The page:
This week’s Torah portion is full of the food laws, though some people argue that kashrut makes life difficult. It’s much easier to eat and drink everything and ignore kashrut.
But hard or easy isn’t the real criterion. The question isn’t “Why should I bother?” but “Why shouldn’t I bother?”
There are three basic human desires – sex, money and food. Instead of “I want!”, the Jewish principle is, “What’s good for me?” “What’s good” entails discipline and control.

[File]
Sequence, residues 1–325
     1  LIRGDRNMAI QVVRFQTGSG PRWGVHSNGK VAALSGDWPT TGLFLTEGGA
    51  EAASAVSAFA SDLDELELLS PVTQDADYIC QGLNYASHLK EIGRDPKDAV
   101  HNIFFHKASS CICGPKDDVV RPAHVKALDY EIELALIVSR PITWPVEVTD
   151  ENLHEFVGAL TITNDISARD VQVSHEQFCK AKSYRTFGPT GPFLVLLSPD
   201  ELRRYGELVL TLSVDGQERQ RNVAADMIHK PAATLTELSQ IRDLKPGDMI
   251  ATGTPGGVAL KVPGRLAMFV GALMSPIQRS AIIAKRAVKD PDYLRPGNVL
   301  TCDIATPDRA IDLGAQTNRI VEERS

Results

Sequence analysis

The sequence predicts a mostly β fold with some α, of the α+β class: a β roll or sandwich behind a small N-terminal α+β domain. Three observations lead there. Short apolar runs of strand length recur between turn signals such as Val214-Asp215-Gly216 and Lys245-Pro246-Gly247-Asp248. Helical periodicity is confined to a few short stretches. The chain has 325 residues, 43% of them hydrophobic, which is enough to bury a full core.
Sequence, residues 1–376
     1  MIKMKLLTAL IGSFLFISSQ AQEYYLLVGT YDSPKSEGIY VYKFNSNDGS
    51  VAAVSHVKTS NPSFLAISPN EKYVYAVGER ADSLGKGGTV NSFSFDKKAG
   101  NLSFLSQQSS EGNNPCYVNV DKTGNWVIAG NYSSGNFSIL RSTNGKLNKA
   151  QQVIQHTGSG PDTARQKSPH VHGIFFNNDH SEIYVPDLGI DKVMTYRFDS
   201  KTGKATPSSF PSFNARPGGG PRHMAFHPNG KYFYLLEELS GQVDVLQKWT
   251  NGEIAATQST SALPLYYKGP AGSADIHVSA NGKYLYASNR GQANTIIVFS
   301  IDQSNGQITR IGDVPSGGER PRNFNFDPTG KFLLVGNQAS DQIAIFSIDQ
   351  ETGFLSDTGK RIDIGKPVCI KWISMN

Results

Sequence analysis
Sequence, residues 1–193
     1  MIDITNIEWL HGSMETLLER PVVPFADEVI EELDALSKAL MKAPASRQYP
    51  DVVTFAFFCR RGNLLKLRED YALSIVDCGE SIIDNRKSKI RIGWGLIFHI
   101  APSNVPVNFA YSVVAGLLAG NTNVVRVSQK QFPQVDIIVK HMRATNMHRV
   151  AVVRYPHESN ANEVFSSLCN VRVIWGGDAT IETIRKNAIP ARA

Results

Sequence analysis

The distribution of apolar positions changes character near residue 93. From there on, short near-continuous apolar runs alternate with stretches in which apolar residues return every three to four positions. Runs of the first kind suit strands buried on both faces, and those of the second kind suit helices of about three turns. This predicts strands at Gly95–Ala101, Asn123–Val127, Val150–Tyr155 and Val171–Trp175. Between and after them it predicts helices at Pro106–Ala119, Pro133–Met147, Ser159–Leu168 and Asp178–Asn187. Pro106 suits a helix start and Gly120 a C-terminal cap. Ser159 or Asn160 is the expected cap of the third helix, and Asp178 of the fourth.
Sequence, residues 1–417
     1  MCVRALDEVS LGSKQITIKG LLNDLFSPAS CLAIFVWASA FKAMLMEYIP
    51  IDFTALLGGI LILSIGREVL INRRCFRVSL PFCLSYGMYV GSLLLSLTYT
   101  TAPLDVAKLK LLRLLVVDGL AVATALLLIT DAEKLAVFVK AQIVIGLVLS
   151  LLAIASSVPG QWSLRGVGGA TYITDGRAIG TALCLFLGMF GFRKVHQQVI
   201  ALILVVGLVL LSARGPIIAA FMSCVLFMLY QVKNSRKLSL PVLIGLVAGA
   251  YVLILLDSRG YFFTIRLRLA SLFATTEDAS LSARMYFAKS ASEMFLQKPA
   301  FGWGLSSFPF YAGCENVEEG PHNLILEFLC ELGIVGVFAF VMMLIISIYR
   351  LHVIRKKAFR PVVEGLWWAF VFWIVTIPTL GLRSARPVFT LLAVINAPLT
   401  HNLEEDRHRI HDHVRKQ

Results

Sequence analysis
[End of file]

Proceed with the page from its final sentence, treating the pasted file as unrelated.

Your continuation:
Judaism says, “It’s not that I’m not tempted – but what can I do, seeing that My Heavenly Father has forbidden it!”
Keeping kosher is one of the regulators of self-discipline. Not only that, but it reminds us of our Jewishness at every moment and brings God into every decision we make.
The name “God” is connected with the word “good”. God’s will ought to be the criterion of what is or isn’t good.